Nurses picket 2 Las Vegas hospitals, saying management locked them out

Monday, December 4th 2006, 6:16 am
By: News On 6

LAS VEGAS (AP) _ Nurses picketed Monday at two hospitals that union official said had locked them out, despite calls by top elected officials for continued talks to avoid a strike that could affect thousands of people.

The more than 600 union nurses at Valley Hospital Medical Center and Desert Springs Hospitals wanted to honor the call by Nevada political leaders for a 30-day cooling-off period to continue contract talks and avoid a job action, said Chris Coil, a Service Employees International Union spokesman. The two hospitals have a total of 800 nurses.

``We rescinded a strike call, but the hospital rejected Nevada's leadership just as they rejected the nurses,'' Coil said. ``This is clearly a lockout.''

Spokeswomen for the two hospitals and their owner, Universal Health Services Inc. in King of Prussia, Pa., did not respond to requests for comment Monday. On Sunday, a Desert Springs spokeswoman said the hospital had to proceed with its strike contingency plans because the union had not withdrawn its notice of intent to strike.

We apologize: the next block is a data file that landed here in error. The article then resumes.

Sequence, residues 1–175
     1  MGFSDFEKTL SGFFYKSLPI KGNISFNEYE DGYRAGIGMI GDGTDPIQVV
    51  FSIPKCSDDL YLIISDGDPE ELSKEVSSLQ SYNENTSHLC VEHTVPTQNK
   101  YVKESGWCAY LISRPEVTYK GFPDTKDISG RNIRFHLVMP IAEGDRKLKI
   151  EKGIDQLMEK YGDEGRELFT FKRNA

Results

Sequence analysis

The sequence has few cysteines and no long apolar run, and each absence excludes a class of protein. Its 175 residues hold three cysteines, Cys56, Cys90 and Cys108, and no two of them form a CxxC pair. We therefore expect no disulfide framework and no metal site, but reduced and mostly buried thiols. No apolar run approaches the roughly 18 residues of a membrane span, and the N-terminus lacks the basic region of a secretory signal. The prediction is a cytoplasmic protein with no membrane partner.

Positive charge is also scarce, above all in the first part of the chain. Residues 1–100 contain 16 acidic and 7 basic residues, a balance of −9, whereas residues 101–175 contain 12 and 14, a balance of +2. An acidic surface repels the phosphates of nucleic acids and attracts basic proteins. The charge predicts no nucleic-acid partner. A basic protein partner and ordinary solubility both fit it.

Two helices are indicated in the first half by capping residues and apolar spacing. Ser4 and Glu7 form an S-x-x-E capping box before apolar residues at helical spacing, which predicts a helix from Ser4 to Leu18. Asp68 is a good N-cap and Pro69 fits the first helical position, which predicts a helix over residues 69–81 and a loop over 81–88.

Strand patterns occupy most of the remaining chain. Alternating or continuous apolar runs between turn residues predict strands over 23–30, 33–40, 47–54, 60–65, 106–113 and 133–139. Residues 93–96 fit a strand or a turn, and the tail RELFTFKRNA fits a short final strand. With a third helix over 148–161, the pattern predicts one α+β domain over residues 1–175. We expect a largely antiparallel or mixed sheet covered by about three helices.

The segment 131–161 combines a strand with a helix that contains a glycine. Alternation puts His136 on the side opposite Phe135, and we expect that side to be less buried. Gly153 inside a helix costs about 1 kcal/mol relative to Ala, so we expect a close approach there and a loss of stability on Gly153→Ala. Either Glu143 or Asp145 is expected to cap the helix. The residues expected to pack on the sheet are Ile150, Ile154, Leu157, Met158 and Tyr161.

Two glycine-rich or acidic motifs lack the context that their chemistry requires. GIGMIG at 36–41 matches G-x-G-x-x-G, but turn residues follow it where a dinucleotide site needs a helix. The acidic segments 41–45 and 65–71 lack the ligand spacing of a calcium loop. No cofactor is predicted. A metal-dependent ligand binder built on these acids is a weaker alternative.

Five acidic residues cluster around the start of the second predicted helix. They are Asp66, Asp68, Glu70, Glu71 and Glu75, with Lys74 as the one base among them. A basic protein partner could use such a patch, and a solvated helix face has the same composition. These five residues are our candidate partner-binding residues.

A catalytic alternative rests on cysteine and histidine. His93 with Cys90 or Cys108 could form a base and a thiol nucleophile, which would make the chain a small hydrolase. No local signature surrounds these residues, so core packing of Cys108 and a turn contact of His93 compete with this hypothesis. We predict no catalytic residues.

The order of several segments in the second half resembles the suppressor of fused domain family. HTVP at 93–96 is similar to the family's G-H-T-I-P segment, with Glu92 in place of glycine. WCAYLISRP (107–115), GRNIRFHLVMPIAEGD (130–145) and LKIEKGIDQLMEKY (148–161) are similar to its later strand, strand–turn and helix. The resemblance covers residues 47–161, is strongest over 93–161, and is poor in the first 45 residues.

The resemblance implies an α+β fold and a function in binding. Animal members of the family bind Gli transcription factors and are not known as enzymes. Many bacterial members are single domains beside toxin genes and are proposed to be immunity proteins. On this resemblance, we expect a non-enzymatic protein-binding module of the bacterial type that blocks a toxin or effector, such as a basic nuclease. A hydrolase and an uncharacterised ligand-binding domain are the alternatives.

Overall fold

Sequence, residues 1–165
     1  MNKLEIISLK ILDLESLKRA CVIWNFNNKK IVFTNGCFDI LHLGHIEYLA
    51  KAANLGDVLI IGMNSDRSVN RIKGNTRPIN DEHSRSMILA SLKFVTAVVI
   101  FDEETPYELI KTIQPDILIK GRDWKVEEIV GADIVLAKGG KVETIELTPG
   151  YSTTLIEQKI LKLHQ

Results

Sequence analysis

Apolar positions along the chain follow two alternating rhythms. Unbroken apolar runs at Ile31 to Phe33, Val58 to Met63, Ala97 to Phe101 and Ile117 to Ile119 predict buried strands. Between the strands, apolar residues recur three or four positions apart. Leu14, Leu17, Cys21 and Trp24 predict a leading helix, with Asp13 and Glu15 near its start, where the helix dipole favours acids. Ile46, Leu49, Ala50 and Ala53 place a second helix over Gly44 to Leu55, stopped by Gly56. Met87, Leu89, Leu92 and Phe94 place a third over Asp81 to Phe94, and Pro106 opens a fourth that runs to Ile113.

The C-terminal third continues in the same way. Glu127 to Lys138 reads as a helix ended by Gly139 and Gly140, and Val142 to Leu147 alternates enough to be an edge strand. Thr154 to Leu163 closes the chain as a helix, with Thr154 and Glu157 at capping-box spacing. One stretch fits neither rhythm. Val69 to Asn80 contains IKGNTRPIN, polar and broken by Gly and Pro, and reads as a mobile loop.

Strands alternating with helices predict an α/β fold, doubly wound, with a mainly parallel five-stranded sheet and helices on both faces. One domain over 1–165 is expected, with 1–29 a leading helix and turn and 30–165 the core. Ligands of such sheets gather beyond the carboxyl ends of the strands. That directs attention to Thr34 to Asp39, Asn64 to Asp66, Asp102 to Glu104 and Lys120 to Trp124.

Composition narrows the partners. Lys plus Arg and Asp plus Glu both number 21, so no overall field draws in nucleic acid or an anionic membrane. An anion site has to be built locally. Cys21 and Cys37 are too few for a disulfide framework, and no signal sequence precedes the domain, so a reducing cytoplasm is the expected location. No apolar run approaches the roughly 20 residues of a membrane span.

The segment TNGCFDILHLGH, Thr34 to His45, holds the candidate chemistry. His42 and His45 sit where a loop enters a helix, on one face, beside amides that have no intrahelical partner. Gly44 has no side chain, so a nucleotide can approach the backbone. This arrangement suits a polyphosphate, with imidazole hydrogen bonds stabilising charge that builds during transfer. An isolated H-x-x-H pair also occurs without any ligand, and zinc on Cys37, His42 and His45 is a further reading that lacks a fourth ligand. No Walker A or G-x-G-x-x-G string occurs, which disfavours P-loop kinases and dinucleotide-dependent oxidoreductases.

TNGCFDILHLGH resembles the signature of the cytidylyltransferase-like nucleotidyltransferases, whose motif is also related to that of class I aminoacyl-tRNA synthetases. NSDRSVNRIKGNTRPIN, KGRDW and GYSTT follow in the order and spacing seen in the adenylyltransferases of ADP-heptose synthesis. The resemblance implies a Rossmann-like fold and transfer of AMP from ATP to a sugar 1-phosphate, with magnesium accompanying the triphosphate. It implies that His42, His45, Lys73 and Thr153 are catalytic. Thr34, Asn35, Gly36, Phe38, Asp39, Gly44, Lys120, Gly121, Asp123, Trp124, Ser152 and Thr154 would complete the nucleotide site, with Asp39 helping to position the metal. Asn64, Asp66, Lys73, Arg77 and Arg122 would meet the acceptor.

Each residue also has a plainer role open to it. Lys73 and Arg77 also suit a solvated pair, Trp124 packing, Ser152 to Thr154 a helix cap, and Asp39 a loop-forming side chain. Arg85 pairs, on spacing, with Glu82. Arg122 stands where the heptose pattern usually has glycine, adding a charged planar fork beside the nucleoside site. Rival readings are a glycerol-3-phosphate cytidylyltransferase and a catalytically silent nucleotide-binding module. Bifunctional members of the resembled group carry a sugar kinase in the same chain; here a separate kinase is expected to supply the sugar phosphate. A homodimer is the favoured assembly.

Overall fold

Nurses were informed Sunday that they would be locked out of their jobs, said union spokeswoman Jane McAlevey.

Coil said the main sticking point in contract negotiations was staffing, which he said nurses want increased to the levels at other hospitals in the area. The two sides also are divided over compensation and union-access rights.

Together, the two hospitals account for 695 beds in central Las Vegas, about a third of area's available beds.

Nurses agreed Sunday to a request by state Assembly Speaker Barbara Buckley, Gov.-elect Jim Gibbons and Clark County Commission Chairman Rory Reid for a new round of negotiations to try to break the impasse. But Universal Health Services executives rejected the request, Buckley said.

``We believe we're facing a crisis, and I think we're all concerned about the unwillingness on their part to agree to a cooling-off period,'' Buckley said.

``With our growth in southern Nevada, we have an incredible nursing shortage. Our system is pretty taxed and we're concerned about what this will do to the quality of care to patients,'' she said.

``A strike could cripple the delivery of medical care critical to the lives and well-being of thousands of southern Nevadans,'' said Gibbons, who assumes office Jan. 1.